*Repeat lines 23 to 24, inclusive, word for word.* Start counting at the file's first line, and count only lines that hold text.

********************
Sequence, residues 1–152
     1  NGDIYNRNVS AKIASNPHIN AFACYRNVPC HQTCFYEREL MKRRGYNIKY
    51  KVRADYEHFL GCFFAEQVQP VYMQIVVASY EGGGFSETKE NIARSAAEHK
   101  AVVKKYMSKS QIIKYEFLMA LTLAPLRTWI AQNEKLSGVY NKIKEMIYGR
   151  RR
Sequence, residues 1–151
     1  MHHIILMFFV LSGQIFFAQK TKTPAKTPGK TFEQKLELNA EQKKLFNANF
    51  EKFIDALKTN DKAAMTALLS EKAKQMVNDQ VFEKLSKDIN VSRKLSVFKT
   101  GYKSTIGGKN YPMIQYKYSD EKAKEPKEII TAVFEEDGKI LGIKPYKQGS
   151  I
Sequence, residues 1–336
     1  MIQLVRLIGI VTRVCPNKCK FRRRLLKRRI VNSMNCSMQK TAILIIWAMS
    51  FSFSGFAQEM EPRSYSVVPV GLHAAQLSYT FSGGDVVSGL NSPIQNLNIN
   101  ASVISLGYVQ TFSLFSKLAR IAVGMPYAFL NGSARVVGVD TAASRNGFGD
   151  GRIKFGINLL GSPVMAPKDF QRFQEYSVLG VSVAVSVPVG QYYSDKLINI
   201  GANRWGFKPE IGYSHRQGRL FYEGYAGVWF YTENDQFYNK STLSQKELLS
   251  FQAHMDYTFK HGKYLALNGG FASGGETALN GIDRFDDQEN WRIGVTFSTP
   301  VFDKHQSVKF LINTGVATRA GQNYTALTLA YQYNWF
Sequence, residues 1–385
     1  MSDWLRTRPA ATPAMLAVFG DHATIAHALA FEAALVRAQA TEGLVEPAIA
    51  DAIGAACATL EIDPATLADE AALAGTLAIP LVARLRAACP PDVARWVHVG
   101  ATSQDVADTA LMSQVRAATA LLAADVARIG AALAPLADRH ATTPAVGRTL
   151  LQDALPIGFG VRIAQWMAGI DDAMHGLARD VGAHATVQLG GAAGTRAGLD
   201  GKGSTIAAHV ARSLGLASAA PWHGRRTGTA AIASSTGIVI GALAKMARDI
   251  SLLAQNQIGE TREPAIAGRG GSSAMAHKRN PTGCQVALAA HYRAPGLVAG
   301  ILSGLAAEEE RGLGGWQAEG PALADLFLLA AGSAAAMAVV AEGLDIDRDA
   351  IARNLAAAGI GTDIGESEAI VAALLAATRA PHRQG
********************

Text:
   151  LQDALPIGFG VRIAQWMAGI DDAMHGLARD VGAHATVQLG GAAGTRAGLD
   201  GKGSTIAAHV ARSLGLASAA PWHGRRTGTA AIASSTGIVI GALAKMARDI